Sarah Ma

    Class of 2018
    Mathematical Sciences
    Mentor & Research Advisor: Sarah Olson

  • 2016-2017 Scholars

    Shannon Feeley
    Class of 2017
    Mathematical Sciences
    Mentor: Suzanne Weekes, Professor of Mathematical Sciences

    Research Project: Search and Rescue Planning: When a search and rescue incident occurs, it is imperative to find survivors as quickly as possible.  The uncertainty in the survivors' location usually increases with time, and their likelihood of survival decreases with time.  This project will research the methods that are used to identify the most efficient way to maximize the likelihood of locating survivors.  

    Katie Gandomi
    Class of 2017
    Robotics Engineering
    Mentor: Carolina Ruiz, Associate Professor of Computer Science

    Research Project: Autonomous Delivery with Unmanned Aerial Vehicles: As e-commerce companies like Amazon and Ebay grow, there is a demand to have products delivered from factories into the hands of customers faster than ever. With the help of autonomous quadrotor transport, packages could be at your doorstep within hours as small drones are deployed and organized into a complex network of delivery-robots.

    In this research project, the mechanical, electrical and software aspects of this problem are explored as well as the artificial intelligence and machine learning behind the master control unit that organizes and deploys the robots.     

    Amanda Leahy
    Class of 2018
    Physics
    Mentor: Lyubov Titova, Assistant Professor of Physics

    Research Project: Use of Gafchromic Film for Brachytherapy Source Characterization: This project will investigate the use of Yb-169 in High Dose Rate brachytherapy using Gafchromic film. The Gafchromic film will be used to measure the radiation output of Yb-169. The results will be compared to Ir-192, currently the most common isotope used in brachytherapy. 

    Holly Nguyen
    Class of 2018
    Computer Science
    Mentor: Carolina Ruiz, Associate Professor of Computer Science

    Research Project: Personalized Computational Tools to Foster Better Sleep Habits in College: This research project involves the design, implementation and use of algorithms and computational tools in a mobile app to improve sleep behavior in college students. The app enables users to track their sleep schedule (as well as caffeine intake and exercise), receive graphical feedback and tailored advice based on personality and chronotype, and adopt healthier sleep behaviors.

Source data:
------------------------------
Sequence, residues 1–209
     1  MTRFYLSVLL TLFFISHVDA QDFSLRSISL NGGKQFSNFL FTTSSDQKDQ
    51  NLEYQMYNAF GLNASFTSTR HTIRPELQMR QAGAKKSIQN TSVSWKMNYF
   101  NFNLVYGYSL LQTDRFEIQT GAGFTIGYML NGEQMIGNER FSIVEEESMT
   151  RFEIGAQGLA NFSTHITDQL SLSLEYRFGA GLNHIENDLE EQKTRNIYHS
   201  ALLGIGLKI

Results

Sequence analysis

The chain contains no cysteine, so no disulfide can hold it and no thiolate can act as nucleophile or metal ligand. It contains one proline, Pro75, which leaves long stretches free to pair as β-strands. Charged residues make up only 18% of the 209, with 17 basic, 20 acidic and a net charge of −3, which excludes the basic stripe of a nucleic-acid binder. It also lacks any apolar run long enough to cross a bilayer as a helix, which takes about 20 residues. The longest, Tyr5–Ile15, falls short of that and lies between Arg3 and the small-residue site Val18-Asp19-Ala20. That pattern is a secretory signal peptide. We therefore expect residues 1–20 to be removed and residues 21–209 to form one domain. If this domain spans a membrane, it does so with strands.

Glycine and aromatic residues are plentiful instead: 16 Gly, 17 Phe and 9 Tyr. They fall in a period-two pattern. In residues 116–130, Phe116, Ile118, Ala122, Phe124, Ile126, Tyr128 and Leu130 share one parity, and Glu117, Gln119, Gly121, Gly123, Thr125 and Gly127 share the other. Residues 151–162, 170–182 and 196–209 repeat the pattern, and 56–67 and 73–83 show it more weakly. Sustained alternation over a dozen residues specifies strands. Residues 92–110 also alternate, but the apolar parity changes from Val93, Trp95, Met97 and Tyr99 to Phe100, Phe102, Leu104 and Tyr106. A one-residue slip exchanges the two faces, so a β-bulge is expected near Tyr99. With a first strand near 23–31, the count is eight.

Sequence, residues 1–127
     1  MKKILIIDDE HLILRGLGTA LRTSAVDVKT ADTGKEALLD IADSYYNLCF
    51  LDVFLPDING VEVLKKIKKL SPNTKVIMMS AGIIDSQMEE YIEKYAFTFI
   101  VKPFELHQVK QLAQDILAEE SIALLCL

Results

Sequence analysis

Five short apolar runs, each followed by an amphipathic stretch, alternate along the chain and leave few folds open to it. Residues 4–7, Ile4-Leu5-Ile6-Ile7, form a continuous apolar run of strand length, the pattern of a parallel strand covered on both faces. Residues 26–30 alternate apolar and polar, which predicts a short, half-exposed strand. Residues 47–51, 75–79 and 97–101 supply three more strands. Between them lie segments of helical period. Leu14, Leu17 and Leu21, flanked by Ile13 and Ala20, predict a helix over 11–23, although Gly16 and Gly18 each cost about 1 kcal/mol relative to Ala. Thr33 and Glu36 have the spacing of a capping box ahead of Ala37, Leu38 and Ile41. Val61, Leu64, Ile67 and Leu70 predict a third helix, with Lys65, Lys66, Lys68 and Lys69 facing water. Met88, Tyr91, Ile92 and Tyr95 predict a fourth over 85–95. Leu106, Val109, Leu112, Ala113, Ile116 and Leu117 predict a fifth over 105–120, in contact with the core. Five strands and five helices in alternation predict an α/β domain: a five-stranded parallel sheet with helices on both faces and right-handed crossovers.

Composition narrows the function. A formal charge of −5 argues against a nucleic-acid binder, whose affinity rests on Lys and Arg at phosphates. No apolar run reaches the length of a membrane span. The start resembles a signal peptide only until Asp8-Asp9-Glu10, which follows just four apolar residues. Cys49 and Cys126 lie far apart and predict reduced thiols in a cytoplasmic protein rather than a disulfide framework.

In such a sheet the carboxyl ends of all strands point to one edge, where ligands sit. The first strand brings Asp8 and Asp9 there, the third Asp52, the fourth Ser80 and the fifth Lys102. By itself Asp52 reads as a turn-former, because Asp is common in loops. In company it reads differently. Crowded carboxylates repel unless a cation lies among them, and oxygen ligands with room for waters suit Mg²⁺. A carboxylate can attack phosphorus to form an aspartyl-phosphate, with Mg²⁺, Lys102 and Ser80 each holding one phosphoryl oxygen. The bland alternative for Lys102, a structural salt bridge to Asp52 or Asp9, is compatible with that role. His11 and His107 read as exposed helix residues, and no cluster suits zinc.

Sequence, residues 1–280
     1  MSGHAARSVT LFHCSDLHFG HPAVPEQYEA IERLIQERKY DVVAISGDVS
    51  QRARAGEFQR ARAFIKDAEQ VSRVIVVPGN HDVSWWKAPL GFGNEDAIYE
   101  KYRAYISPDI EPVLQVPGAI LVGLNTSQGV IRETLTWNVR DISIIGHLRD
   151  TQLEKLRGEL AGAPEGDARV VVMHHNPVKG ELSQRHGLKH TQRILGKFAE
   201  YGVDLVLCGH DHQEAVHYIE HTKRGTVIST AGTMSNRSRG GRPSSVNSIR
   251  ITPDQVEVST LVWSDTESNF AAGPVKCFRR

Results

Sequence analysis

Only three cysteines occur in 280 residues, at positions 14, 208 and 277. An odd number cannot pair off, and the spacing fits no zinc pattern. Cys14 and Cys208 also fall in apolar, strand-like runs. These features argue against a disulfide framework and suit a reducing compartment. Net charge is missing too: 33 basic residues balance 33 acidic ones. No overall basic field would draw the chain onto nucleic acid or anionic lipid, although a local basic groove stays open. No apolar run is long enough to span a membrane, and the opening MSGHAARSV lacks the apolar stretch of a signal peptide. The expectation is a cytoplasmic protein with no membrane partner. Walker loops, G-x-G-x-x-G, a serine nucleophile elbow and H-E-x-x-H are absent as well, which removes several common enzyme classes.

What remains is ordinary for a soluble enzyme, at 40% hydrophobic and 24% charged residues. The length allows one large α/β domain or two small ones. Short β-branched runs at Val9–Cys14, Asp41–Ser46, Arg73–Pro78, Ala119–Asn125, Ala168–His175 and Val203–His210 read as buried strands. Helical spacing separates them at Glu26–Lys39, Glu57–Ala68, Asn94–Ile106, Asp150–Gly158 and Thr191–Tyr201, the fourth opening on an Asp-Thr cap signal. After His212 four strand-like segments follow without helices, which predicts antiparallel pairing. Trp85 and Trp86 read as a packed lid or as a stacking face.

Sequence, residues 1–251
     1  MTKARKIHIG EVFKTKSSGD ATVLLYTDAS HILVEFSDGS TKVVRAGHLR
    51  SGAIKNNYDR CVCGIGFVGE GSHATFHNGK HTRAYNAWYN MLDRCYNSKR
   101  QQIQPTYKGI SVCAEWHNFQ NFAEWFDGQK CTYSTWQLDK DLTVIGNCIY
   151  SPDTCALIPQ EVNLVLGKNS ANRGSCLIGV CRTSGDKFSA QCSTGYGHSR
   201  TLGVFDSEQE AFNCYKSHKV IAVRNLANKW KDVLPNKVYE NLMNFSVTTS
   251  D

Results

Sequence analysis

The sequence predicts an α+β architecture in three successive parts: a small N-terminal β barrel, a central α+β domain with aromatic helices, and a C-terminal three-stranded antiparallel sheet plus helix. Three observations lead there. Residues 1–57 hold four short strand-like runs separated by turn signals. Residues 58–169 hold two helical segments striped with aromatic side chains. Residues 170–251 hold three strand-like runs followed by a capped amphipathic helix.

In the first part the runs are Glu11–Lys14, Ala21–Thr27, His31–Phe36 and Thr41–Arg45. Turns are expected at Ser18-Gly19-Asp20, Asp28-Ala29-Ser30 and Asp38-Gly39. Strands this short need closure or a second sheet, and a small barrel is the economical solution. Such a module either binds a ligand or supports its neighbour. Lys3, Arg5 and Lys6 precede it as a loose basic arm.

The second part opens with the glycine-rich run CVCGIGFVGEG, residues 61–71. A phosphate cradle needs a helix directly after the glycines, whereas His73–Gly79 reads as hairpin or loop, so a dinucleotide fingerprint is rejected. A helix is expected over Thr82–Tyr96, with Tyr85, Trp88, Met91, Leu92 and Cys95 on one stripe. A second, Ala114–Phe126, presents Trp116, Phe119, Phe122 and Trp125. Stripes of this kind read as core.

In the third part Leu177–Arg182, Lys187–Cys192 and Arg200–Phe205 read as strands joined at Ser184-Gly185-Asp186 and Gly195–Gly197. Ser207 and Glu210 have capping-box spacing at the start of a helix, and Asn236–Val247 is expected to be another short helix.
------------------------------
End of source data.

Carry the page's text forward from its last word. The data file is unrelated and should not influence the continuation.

The project covers a wide range of computational aspects (including the design and implementation of mobile apps, data mining and predictive analytics), as well as medical and psychology aspects (including healthy behaviors, personality types, behavioral change, feedback and interventions).

    Aline Tomasian
    Class of 2018
    Physics
    Mentor: Lyubov Titova, Assistant Professor of Physics

    Research Project: Structural changes and the movement of proteins in the aqueous cellular environment play an essential role in biological processes. This research project will use spectroscopic techniques to uncover a complete picture of protein dynamics, focusing specifically on amyloidogenic proteins related to Alzheimer's Disease and Type II Diabetes.  

    Hope Wallace
    Class of 2018
    Computer Science
    Mentor: Kathi Fisler, Professor of Computer Science

    Research Project: Predicting Exergame Enjoyment: This project aims to create a recommendation system for mobile exercise games (exergames) in order to encourage people to continue playing them and therefore lead healthier lifestyles. The first phase of this project will create a taxonomy for mobile exergames and create a questionnaire to measure exergame enjoyment.  

    Natalie Wellen
    Class of 2017
    Mathematical Sciences
    Mentor: Suzanne Weekes, Professor of Mathematical Sciences

    Research Project: Systemic Risk Analysis of the OTC Market: Some of the major questions in the financial industry today are what are the next regulations going to be and how will they affect the markets? The goal of this research is to create a model of the Over the Counter Derivatives Market, and specifically to apply Central Clearing Parties to this model, a form of regulation imposed in the Dodd-Frank Act.